Montemayor's Diana

Page 032

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Wherin all things were obiects of my Ioy?
Vntill the hungrie woolfe, which to the Hill
Ascending vp, was pleasant to mine Eies.
But fortune now, what may my drenched Eies
Behold, which saw their Shepherd many a Time
Driuing his lambes before him downe this Hill?
Whose name for ay shall rest within my Soule.
O fortune foe vnto my former Ioy,
How doe I languish in this irkesome Vale?
But when so pleasant and so fresh a Vale
Is not delightfull to my wearied Eies,
And where I cannot finde content and Ioy:
And hope not now to haue it any Time,
See what extremes enuiron then my Soule:
O that he came againe. O that sweete Hill:
O highest Hils, and fresh and pleasant Vale,
Where once my Soule did rest and both these Eies,
Tell me shall I in Time haue so much Ioy?

About this time Syluanus was with his flockes in a thicket of Mirtle trees neere to the fountaine, musing and imagining diuers things in his minde: but when he heard Seluagias voice, awaked as it were out of a slumber, he gaue attentiue eare to the verses, that she did sing. But as this Shepherd was cruelly intreated of loue, and contemned of Diana, so his passions made him wander a thousand times out of his wits, as that he now spake ill of loue, and by and by praised it, sometimes merrie, and other times more pensiue and sad, then the most sorrowfull man in the world, to day speaking ill of women, to morrow extolling them aboue all mortall creatures. And thus did this sorrowfull Shepherd leade a life, which as to all, so especially to those that are free from loue would be tedious and difficult to describe. But hauing heard Seluagias sweete verses, and obtained leaue of his sad thoughts, he tooke his Kit, and to the tune thereof began to sing that which followeth.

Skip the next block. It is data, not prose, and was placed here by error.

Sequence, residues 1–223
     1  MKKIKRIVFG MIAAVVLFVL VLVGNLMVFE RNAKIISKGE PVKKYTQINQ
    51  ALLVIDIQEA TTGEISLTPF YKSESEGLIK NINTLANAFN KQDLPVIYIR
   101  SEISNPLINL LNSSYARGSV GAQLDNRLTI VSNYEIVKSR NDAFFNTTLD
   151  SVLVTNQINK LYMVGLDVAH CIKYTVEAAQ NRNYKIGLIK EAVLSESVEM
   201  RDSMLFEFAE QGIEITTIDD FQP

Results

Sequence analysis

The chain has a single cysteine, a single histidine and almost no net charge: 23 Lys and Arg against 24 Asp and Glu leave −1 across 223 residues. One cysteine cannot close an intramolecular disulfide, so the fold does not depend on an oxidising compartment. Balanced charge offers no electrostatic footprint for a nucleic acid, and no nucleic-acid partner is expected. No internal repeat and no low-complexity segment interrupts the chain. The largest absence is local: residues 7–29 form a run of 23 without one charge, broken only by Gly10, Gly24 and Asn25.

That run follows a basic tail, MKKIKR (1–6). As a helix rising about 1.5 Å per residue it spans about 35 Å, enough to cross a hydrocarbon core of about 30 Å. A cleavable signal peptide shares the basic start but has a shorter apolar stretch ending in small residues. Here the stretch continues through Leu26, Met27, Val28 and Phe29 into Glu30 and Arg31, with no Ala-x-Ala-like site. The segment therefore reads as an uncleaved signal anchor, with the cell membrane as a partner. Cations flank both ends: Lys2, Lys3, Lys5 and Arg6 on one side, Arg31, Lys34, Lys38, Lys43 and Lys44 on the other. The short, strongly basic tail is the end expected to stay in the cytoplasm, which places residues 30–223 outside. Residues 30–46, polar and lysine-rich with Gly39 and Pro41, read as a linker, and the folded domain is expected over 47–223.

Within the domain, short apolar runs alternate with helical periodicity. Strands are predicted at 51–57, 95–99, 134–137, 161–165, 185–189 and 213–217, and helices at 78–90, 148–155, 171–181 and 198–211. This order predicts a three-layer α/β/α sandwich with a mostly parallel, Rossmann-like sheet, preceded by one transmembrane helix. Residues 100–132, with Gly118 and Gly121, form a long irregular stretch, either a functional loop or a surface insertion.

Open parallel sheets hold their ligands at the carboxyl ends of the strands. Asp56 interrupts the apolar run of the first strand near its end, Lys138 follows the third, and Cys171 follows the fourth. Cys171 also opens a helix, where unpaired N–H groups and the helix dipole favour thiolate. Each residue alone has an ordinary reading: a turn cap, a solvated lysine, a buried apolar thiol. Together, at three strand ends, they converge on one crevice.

TO heare me wearied is the cleerest riuer,
Tedious I am to euery vale and mountaine:
And now to heare (O loue, my sorrowes giuer)
My plaining, wearied is each cristall fountaine.
The Sicamour, the Oke, and Elme are wearie,
Spring, Sommer, Autumne, and the winter season
Hearing my cries, are sworne not to be merry.
With teares I melt these rocks: and yet all reason
Of pitie (Tigresse) thou dost still deny me,
When trees, and stones for greefe are dying by me.

A bondslaue of a freeman thou hast made me,
And of a man of reason, cleane contrarie:
With life, and death, by turnes thou dost inuade me,
And to tormenting greefe my soule dost carrie.
Of affable, and one that liu’d so gayly,


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